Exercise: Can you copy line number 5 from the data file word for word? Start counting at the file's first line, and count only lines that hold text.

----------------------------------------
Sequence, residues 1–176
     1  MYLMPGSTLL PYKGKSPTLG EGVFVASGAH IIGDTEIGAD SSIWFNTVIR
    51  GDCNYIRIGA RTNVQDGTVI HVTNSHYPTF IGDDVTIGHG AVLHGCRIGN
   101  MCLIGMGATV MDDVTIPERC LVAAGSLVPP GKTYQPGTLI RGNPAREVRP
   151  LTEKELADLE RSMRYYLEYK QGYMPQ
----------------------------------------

   151  LTEKELADLE RSMRYYLEYK QGYMPQ